Sometimes, I hear people talk about how they sent out a large number of resumes, e.g. 100, and then complain that they didn’t get any interviews. They then proceed to blame everything on a lousy job market.
Quality not quantity
Just from the information above, it is tough to tell what went wrong, but I have a suspicion it is an issue of quantity vs. quality. Only well-crafted, thoughtful and relevant applications are going to have any success. “Spam” applications, that are sent out without much thought, will get you nowhere. In most cases, you will simply not be a relevant candidate, but the real problem is that in the cases where you actually might have a real shot at a job you hurt your chances by sending a crappy generic application.
Spamming recruiters is probably the worst thing you can do – it diminishes your chances, it does not improve them.
Spam applications from the eyes of a recruiter
A couple of years ago when I was running my own business, I was having some issues with my computers. So I decided to hire a part-time IT manager, who would spend a couple hours every week making sure than the computers were working fine. I thought that posting a job ad on Craigslist might be a good way to find such a local part-timer. To my amazement, my inbox was utterly flooded by job applications from people all around the country. I was looking for someone who would swing by my office for a couple hours every week, but I was getting people sending me cover letters and resumes offering to move across the country to take this job – which would total overkill and unrealistic. It was clear that nearly all of them had not read my job posting in any detail – their backgrounds and applications did not match what I was looking for at all. Also, their resumes and cover letters were so generic, they could have been sent to any employer in the country – they made no reference to what I was looking for or any other special circumstances. It was so bad, that I canned all applications I got that way and hired a local IT consulting firm to do the job instead.
How can I tell if I am sending a spam application?
Essentially, spam applications are too generic and not customized for a specific job and they tend to be of weak relevance.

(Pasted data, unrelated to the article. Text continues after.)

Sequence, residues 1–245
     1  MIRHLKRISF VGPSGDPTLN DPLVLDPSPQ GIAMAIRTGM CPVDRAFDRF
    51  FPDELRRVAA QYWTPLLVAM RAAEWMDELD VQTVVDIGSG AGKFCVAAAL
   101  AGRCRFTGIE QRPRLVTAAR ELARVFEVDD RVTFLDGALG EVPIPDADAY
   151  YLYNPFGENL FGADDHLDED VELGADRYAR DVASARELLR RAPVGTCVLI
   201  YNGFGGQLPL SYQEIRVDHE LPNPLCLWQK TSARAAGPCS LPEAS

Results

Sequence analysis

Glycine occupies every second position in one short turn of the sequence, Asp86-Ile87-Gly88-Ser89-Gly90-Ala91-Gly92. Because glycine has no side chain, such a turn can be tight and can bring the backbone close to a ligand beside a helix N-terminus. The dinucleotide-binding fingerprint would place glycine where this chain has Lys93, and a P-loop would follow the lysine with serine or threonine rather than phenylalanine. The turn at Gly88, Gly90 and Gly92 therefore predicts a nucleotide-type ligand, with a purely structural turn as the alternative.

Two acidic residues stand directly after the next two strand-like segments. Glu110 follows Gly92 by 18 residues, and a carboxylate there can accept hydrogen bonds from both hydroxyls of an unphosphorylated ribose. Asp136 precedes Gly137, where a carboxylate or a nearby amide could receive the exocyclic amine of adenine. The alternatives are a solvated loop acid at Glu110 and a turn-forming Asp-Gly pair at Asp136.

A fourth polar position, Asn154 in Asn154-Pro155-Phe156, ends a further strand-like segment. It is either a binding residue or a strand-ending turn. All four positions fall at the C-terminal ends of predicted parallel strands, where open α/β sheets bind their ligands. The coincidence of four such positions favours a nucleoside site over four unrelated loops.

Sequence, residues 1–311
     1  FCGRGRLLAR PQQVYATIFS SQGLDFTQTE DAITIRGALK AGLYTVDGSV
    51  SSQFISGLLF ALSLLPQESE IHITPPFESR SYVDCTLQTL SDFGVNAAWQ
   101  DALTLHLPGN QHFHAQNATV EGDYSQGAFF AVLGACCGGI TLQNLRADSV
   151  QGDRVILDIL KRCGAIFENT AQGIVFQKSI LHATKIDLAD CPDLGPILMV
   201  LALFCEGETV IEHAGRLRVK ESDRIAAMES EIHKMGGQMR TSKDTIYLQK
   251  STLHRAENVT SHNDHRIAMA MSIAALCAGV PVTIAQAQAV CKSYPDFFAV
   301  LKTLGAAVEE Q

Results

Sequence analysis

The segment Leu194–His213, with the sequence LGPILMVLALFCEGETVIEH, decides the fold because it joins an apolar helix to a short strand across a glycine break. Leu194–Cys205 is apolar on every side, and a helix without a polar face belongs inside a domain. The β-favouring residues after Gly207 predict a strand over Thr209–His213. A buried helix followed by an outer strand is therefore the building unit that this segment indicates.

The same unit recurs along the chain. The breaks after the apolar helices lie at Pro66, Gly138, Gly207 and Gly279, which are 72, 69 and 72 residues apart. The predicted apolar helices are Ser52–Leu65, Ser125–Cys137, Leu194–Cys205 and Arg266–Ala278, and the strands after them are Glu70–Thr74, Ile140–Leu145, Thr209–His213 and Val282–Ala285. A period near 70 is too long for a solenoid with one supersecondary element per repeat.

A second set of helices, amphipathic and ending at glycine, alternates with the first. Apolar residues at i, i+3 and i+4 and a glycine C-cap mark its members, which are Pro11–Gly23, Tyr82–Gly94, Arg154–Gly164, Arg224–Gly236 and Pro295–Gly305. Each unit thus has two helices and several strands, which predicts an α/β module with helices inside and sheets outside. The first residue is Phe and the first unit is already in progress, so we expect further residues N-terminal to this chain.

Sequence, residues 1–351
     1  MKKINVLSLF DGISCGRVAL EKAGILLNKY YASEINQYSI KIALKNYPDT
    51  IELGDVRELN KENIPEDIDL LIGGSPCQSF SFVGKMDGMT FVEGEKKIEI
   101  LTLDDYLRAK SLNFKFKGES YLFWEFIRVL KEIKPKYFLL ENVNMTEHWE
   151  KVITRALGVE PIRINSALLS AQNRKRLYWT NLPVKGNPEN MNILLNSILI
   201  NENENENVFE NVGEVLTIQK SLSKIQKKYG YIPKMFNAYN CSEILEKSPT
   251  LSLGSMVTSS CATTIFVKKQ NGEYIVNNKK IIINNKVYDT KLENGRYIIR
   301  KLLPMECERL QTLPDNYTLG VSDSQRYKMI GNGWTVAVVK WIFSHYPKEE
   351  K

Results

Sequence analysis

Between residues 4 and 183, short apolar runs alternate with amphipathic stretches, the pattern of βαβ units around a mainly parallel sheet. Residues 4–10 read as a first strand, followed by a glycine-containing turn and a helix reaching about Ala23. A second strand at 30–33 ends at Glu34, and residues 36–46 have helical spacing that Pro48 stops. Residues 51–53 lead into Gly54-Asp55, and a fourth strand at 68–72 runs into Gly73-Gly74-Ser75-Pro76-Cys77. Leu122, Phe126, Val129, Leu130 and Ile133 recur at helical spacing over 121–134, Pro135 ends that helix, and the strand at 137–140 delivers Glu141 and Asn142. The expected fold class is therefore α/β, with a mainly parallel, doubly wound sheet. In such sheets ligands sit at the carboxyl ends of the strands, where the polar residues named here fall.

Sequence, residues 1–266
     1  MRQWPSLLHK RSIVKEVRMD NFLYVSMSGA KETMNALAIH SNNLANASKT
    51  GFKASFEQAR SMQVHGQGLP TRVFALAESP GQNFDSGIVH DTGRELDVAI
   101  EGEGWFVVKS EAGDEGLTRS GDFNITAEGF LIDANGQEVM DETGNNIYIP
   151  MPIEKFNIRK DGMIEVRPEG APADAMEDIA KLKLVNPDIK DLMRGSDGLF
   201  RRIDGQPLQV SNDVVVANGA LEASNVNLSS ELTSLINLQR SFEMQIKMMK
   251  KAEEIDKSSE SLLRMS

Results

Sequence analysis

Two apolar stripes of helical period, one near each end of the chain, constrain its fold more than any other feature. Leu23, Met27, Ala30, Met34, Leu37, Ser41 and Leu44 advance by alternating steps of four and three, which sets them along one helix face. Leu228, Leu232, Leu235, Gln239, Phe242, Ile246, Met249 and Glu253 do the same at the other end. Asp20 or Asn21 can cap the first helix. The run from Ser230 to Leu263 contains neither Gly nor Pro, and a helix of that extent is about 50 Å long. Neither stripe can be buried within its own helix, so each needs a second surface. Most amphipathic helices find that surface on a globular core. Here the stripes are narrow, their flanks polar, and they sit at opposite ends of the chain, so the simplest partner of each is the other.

- If you are not carefully reading a job posting, researching the company and specific job, and then modifying and adapting your resume and especially your cover letter, you are likely sending a spam application.
- If you are only a mediocre fit candidate – your skills, experience set etc doesn’t really match with what they are looking for – you are trying fit a square peg in a round hole, and you are likely sending a spam application.
How to avoid sending spam applications
Do your homework on every job application you send out:
- Carefully read the job posting and compare your candidacy critically to what they are looking for – are you are reasonable fit? Since we are shooting for quality, not quantity, you should be honest enough with yourself to skip on jobs that are a bad fit so that you can fully focus your energy on those jobs where you actually fit well
- Using the CareerAde Method will help you focus on a career and source jobs that actually fit you
- Research the job, the company, the industry and customize your resume, cover letter and overall pitch to fit to that job as best as possible
- Track you applications in an excel spread sheet and file away the resume and cover letter you sent so that you can recall it when you get invited to an interview
- When interviewing invest serious effort in preparing and researching – see our checklist
Image by arnold | inuyaki